https://mail.google.com/mail/u/0/#m_8373083918597933307_

Wednesday, 11 November 2020

Record-busting 2020 Continues: Fires, Heat, and now Hurricanes: The northeastern Atlantic Ocean made the 2020 season the most active on record with Subtropical Storm Theta becoming the 29th named storm and storm number 30 already forming

Subtropical Storm Theta, credit NOAA

With less than a month remaining in the Atlantic hurricane season, the formation of Subtropical Storm Theta on November 10 over the northeastern Atlantic Ocean made the 2020 season the most active on record. Theta — the 29th named storm of the Atlantic season — breaks the record for the highest number of tropical/subtropical storms in a single year. The previous record of 28 storms was set in 2005. Official records date to 1851.

The Atlantic hurricane season, in a nutshell.

The 2020 season began early when Arthur formed on May 16. The extremely active season quickly went through the pre-determined list of 21 names, ending with Wilfred on September 18. Then for only the second time in history, the Greek alphabet was used for the remainder of the season, with Alpha forming the same day.


The list of named storms that have occurred during the Atlantic hurricane season as of November 9, 2020. With the formation of Theta, the 2020 Atlantic season has surpassed 2005 as the busiest on record with 29 named storms so far. The season ends November 30.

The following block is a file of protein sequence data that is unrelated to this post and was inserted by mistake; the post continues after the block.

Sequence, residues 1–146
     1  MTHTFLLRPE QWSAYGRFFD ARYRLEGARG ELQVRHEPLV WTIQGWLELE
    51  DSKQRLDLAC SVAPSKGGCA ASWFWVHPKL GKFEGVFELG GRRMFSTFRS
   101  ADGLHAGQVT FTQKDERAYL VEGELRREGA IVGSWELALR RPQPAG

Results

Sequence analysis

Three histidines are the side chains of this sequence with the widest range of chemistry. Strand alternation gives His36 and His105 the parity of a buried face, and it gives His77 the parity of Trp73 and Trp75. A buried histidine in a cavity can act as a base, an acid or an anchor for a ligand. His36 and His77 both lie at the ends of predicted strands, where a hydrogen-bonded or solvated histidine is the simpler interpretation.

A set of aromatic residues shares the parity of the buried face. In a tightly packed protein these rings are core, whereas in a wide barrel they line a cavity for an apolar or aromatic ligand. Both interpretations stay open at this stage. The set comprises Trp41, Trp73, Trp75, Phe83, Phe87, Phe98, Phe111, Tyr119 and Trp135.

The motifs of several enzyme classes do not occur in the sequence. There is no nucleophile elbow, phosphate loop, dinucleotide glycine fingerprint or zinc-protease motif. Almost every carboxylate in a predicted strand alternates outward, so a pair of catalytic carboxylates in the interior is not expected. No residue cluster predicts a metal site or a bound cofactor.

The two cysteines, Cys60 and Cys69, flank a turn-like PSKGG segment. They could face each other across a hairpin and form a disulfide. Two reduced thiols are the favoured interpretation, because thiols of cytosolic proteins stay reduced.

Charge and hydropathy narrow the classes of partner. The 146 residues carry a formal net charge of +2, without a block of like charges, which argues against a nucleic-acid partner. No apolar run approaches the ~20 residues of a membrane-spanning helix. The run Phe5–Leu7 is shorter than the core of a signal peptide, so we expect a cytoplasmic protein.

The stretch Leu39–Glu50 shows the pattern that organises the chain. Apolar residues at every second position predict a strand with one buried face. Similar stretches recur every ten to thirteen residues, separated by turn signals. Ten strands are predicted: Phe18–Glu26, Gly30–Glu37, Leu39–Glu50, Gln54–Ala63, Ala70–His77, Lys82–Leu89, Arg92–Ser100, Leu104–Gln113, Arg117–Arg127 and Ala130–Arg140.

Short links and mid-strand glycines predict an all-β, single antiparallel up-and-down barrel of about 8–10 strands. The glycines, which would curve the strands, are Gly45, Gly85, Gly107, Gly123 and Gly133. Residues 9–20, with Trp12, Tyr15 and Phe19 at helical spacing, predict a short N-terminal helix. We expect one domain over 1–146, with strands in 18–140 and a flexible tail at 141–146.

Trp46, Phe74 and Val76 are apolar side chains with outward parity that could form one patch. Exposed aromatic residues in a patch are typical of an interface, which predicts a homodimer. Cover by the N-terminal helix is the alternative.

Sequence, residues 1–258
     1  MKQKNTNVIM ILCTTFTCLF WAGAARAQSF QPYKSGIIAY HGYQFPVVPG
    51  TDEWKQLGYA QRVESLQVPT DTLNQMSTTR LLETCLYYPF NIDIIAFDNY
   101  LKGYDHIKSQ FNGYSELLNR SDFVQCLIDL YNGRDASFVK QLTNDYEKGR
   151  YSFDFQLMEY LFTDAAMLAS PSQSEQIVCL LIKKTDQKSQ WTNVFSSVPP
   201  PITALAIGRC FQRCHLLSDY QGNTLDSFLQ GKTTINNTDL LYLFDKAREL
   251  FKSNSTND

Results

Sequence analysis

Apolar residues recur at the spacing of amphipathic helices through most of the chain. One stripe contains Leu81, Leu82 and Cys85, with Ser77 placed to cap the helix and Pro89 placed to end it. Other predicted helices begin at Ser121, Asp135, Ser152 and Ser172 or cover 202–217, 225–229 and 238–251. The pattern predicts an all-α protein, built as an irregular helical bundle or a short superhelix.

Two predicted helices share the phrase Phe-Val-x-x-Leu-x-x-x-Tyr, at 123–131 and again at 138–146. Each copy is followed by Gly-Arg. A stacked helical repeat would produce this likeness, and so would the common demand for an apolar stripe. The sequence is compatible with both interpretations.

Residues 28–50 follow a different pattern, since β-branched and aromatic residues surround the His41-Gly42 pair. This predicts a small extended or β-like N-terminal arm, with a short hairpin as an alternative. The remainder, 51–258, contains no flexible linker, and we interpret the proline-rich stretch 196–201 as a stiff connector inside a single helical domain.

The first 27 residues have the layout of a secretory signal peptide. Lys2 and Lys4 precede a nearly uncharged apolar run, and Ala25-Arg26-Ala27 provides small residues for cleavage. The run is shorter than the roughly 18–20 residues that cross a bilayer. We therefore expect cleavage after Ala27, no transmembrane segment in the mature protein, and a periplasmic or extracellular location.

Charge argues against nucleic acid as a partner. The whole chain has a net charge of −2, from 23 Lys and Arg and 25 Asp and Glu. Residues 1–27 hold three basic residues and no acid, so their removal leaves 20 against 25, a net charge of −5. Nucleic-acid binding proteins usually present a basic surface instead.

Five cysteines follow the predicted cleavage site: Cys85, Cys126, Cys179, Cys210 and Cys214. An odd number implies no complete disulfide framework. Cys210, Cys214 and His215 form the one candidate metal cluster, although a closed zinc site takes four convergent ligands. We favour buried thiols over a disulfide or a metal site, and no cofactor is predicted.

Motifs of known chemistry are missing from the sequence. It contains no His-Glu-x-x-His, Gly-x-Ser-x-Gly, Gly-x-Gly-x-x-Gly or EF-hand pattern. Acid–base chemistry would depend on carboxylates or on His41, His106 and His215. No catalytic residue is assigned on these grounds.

The Atlantic hurricane season officially ends on November 30, but additional storms could develop beyond that date. Forecasters at NOAA’s National Hurricane Center continuously monitor the tropics for storm development and activity. Weather Service forecasters at NOAA's Climate Prediction Center issued an outlook in May for an above-average hurricane season and later upgraded that outlook to a rare, extremely-active season in August, ahead of the season's peak in the fall.

Meanwhile, the 30th named storm could be forming. A new tropical wave located over the eastern Caribbean Sea is producing a large area of disorganized showers and thunderstorms. The wave is expected to move slowly westward into more conducive environmental conditions over the next several days and a tropical depression is likely to form late this week or this weekend when the wave reaches the central or western Caribbean Sea. Regardless of development, this system is expected to bring heavy rainfall along with possible flash flooding to the Virgin Islands, Puerto Rico, and portions of Hispaniola over the next couple of days. Formation chance through 5 days...high...80 per cent.

No comments: